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AnimalsMust ReadBaffling Footage Shows Pigeons With Multicoloured Feathers

Baffling Footage Shows Pigeons With Multicoloured Feathers

Baffling footage shows a pair of pigeons – with multicoloured FEATHERS.

Holidaymakers were stunned when they saw the rainbow birds flapping around on the Spanish island of Gran Canaria.

One pigeon, which is predominantly white, has streaks of bright orange around the edges of its wings and patches of blue on its body.

The second – which is even more colourful than its counterpart – boasts a purple and blue right wing and an orange and blue left wing.

It’s not known whether the birds are naturally colourful or if they have been dyed.

But bird lover Tina Juvanc, 34, said she’s 100 per cent sure their feathers weren’t painted – and believes they’re the result of cross-breeding with PARROTS.

Baffling footage shows a pair of pigeons – with multicoloured FEATHERS

The artist, who was on holiday with fiance Damijan, 35, said: “We went on a walk and from the distance I saw a group of coloured birds.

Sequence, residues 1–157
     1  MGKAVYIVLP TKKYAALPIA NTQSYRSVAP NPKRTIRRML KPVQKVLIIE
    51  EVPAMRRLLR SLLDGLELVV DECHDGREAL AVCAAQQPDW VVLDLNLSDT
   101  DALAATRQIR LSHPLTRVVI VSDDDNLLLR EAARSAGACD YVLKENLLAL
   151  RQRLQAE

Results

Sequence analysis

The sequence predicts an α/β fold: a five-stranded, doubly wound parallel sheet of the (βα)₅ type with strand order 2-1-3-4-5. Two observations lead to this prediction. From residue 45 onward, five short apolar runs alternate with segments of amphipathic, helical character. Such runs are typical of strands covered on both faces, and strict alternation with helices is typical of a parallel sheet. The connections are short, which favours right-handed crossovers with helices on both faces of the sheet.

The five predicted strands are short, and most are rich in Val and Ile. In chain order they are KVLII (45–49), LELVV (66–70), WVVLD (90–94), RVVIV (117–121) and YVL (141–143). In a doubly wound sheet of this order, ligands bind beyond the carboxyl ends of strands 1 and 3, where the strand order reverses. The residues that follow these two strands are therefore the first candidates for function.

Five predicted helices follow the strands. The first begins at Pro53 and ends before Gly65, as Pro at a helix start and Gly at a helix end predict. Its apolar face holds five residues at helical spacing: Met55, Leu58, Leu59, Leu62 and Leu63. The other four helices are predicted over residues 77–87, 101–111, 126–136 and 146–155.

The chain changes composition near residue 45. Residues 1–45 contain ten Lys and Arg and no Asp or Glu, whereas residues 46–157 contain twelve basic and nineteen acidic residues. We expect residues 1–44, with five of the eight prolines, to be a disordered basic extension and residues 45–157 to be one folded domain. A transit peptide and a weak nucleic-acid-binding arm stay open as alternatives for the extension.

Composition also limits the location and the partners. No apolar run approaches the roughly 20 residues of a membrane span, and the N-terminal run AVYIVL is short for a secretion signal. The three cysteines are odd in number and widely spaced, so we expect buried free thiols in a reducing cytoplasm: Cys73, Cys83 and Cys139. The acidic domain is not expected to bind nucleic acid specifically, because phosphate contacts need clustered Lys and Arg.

“We were happy that we had finally seen some parrots but when we got closer we noticed that they were actually pigeons. We couldn’t believe it.

“At first we thought someone was playing a joke and had sprayed them. They had very bright and colourful feathers.

“But when we got closer we saw that it was the original colour of their feathers.

“They looked like overweight parrots or pigeons, but very cool pigeons – like they were in a cartoon. They were very strange.

“I’ve never seen such beautiful pigeons. Soon there will be more of them because these two were already mating with ordinary pigeons.

Tina, of Slovenia, added: “It was so unusual, unexpected and bizarre that we want everybody to see it.”

This follows a flurry of similar cases in Britain – where PINK pigeons plagued various cities nationwide.

It later emerged that the animals’ wings had been dyed by a pigeon fancier who wanted to protect his flock from predatory falcons.

Claire Boothby, of the British Trust of Ornithology, said: “This looks like someone has dyed or painted the feathers and is not a natural plumage abnormality or due to cross-breeding.”

Professional Bird Services expert Peter Robinson said he doesn’t believe it’s possible for parrots and pigeons to cross-breed.

He said: “The images show an ordinary range of plumage’s in domesticated racing pigeons. However, some have also had their feathers dyed.

“In the UK this would be a legislation offence but that may not be the situation in Spain or any local Canary Island legislation.”

The birds bear a similarity to pink-necked green pigeons, which boast various comments.

They’re found in subtropical habitats and are native to Southeast Asia.



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